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Do you remember who teaches the motivational course at the secret CodeGym center? That's right, our super specialist. That being the case, don't be too lazy to read his research about the global job market—its advantages, requirements, career prospects and freedoms—compared with the local market.
Lesson about collections
Java classes whose main purpose is to store a set of other elements are called collections or containers. It makes sense that something we collect is called a collection. Java collections are divided into three main groups: Set, List, Map (or dictionary). This lesson will teach you the difference between them.
List of all collections
Even the very first quest at the secret CodeGym center deals with important matters, so of course the eighth level does. Let's continue getting to know a serious tool: collections and collection interfaces. In this lesson, you will learn that Java has four Lists, three Sets, and four Maps. You'll study a few examples to deepen your understanding.
Practice with collections
Have you ever collected cats? What about plants? Can you guess what HashMap means without any hints? Too many questions! But if you said 'yes' to at least two of the three question, then it's time to create cats and add them to a collection! We'll do tasks involving collections, simultaneously creating a HashSet of plants and a HashMap of cats.
Introducing the Date type
Does time have direction or does it simply exist? The Date type doesn't answer this question. But it helps solve all sorts of interesting problems. For example, measure time intervals, store dates and times, and calculate how many milliseconds have passed since January 1, 1970 GMT.
ArrayList vs. LinkedList
An interface can have multiple implementations. No single implementation is always better than the rest. In one approach, some operations are fast, but others are slow. The opposite can be true for another approach. That's why the List interface has two different classes: ArrayList and LinkedList. This lesson explores how one is better than the other and vice versa.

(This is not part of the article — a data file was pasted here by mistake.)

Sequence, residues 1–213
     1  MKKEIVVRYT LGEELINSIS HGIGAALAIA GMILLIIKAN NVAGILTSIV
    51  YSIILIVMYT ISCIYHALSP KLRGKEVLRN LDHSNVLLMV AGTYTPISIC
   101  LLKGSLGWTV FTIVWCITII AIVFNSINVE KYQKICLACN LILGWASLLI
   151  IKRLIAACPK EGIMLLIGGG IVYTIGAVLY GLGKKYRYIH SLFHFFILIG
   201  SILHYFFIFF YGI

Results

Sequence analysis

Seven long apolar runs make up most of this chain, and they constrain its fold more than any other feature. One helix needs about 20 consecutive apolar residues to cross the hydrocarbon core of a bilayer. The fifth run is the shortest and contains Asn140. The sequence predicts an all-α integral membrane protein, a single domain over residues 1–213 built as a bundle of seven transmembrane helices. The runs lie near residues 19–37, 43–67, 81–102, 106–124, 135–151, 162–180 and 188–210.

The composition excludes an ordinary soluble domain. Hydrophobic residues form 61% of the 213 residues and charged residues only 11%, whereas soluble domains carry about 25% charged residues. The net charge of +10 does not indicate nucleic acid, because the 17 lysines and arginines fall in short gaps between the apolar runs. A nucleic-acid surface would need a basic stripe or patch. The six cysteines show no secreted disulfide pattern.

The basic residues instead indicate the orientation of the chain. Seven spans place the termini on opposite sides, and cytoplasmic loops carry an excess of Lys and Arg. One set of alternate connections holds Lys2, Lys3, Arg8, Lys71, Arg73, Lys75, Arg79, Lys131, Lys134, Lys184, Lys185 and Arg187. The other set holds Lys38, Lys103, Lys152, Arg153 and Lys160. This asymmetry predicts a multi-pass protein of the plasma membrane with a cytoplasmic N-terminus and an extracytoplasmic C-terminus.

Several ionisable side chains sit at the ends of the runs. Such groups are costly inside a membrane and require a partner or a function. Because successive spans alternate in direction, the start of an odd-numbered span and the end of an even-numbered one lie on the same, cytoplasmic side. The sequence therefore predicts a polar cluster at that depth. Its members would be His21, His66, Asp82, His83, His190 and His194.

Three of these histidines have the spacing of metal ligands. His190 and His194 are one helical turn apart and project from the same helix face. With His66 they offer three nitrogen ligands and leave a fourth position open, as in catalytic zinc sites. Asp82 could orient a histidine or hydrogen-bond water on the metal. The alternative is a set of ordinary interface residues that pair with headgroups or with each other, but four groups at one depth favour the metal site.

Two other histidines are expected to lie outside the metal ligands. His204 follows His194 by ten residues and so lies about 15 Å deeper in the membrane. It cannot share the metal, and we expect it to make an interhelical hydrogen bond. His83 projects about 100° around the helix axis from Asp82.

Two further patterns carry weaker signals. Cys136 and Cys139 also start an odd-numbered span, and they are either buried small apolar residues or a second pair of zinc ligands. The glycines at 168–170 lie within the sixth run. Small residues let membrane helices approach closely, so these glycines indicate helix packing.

Measuring list performance
The topic of "collections" can fry your brain, but we'll try to train your brain to make the smoke point as high as possible... So let's work on some tasks, preferably interesting ones. Let's take some measurements right in this lesson: We'll find out how long it takes to perform 10,000 insertions on each of the lists, and how long it takes to call get the same number of times.
What do we do with Set and Map?
A Set is a bunch of unnumbered objects. A Map is a set of key-value pairs. Though they are similar, but there are some things you can do with Map that you can't do with Set. In the latter case, we just add elements, delete them, and check if they are in the set. But a Map supports many more operations. Wanna know what these operations are? Let's complete this lesson.
Practice using Set and Map
Though not as popular as ubiquitous lists, Map (a set of key-value pairs) is used in many tasks. In this hands-on lesson, you'll learn how to work with Map and Set in the standard CodeGym way. Have you guessed the way*? (*answer: by completing tasks).
Useful links from the Professor – 8
We must respect the work of our aged professor: he keeps toiling, looking for the references that students need and willingly sharing them. All for the sake of knowledge! Today he's unearthed excellent articles on ArrayList, LinkedList and collections in general. You can't skip this. You must do the reading! Let's do the lessons and load up knowledge!
Without Java, we would have a Javapocalypse
You’ve almost completed Level 8! With all these lectures and tasks, you need a break. Learning Java may be tough, but remember: the world can’t exist without Java! What if it suddenly disappeared one day? What would happen to our familiar surroundings? Make yourself comfortable and watch an exciting and fun video about the real Javapocalypse. :)
Several tasks must be completed at the end of the level. Some of them are more advanced and require student's to be able to google. Or think. Or think and google. Practice completing them day in and day out, and your skills will grow at an incredible speed. They were created especially for IDEA.